Wednesday, February 25, 2009

Innovation Strategies in a Challenging Economy

As companies work to navigate today’s challenging business environment – and managers look to make the best out of their situations—innovation must remain a critical priority. New ideas harvested today will become the products and services sold to more discriminating customers, and will ultimately drive strong growth as market health returns. Innovation is also critical for internal operations as companies are forced to maintain (and even improve) their businesses with fewer staff, support services and other infrastructure. The key is defining an innovation strategy and approach that drives quicker, more cost effective, and lower risk opportunities for new products, services and operational efficiencies.

In working with our customers, we see a well-defined, two-pronged approach of both internal innovation and external partnering. While certainly not new concepts, the key to both dimensions is efficiency in identifying and quickly vetting opportunities, and getting them to commercialization and marketing; or for internal operations improvements, rapidly transitioning to new processes so that benefits can be quickly realized. While the discipline of a rigorous review and decision process remains a fundamental best practice, accelerating gate reviews and reducing cycle times is also critical to success.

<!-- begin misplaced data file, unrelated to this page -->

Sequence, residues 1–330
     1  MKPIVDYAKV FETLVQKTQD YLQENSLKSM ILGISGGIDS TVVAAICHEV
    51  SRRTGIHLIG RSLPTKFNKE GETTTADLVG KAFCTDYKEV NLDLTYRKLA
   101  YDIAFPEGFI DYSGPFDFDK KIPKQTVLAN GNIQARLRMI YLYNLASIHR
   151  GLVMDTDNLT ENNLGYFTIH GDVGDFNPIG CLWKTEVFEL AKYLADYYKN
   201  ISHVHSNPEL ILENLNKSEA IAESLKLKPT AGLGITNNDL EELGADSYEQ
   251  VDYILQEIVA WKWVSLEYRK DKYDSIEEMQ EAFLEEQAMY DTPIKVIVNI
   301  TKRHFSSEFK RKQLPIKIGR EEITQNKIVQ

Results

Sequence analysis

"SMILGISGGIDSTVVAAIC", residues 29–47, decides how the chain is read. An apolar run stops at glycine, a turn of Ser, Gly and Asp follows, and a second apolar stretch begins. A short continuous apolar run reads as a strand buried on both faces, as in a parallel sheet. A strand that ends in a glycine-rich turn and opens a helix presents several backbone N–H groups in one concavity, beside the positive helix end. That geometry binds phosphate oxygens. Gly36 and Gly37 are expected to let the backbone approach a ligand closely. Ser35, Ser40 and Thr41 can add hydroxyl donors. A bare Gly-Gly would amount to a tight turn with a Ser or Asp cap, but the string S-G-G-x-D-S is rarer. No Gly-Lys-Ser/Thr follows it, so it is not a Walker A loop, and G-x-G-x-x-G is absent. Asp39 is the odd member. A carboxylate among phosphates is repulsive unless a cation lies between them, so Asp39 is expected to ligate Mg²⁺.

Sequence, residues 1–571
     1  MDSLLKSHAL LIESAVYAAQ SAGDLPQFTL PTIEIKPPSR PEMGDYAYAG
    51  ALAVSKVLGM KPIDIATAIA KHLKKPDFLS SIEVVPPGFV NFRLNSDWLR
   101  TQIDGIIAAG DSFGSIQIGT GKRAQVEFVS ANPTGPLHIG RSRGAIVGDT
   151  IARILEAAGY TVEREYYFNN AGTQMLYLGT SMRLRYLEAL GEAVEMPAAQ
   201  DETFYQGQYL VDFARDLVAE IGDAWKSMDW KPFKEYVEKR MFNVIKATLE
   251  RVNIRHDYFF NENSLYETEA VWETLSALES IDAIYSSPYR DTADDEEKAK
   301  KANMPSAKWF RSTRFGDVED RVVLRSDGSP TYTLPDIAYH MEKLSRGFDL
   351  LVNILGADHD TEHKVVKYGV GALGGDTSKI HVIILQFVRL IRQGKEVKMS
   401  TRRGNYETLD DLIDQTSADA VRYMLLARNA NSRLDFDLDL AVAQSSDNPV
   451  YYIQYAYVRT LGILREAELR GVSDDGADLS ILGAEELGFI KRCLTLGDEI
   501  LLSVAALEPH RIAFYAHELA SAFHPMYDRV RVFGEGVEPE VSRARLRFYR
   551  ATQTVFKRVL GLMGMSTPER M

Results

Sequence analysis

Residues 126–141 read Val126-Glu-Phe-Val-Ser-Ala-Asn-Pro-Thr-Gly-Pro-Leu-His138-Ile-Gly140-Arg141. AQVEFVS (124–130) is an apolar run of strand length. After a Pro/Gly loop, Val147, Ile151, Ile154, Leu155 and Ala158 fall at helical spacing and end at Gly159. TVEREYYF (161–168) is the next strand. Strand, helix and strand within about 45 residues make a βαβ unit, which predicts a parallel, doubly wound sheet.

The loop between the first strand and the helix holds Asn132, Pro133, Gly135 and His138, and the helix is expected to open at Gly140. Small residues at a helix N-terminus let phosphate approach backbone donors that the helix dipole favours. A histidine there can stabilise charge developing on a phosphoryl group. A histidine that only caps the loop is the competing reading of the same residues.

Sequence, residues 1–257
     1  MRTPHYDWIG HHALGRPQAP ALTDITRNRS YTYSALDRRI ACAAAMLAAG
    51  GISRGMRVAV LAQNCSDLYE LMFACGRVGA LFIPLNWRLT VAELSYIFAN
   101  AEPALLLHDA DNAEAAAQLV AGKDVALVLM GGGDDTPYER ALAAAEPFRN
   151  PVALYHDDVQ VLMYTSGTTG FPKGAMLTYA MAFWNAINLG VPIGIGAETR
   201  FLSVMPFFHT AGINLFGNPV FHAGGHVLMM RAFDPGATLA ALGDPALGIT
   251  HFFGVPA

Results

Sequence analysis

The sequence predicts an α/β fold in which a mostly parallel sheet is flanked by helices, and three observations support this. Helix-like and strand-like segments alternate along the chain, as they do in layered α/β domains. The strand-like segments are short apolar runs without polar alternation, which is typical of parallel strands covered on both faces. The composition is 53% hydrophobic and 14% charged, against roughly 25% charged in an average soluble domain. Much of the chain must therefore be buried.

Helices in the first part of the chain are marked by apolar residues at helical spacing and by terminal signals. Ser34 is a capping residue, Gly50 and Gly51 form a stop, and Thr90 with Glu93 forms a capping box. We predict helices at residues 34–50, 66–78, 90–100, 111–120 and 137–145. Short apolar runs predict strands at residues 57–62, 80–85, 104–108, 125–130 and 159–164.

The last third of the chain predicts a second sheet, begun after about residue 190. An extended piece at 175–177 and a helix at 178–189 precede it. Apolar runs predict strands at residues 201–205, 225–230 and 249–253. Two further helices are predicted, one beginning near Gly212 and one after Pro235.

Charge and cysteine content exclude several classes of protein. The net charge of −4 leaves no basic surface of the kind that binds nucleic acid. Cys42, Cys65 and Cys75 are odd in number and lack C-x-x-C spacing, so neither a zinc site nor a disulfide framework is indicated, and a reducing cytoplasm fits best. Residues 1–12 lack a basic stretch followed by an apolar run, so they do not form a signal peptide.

The challenge is often a matter of workplace culture and human nature. As poor financial results lead to staff reductions, budget cuts and other day-to-day changes, the compounding effect is to slow down operations and reduce productivity. This is the exact opposite of what is necessary to navigate through, and out of, difficult times.

While technology is never in and of itself a cure, many organizations are turning to their IT systems as the key means for implementing and enforcing more rigorous innovation processes. Investment in improving or replacing less efficient systems which impact the innovation process is considered a high return investment because they are the enablers of efficiency and accountability. For Anaqua, this means that companies are looking at such processes

  • Invention disclosure and review – how to improve the efficiency of R&D and inventors in identifying, submitting and prioritizing new ideas

  • Portfolio management and IP reviews – using tools to improve automation, sharing and reporting on IP data and competitive intelligence

  • Collaboration with law firms and outsourced (LPO) services – enable legal departments to load balance work between internal and external service providers to maximize cost efficiencies

  • Agreements management – improving negotiation and administration of agreements, and improving controls around IP ownership, partner relationships and financials

How is your company managing internal innovation and external partnering in a tough economy?

1 comment:

purity lover said...
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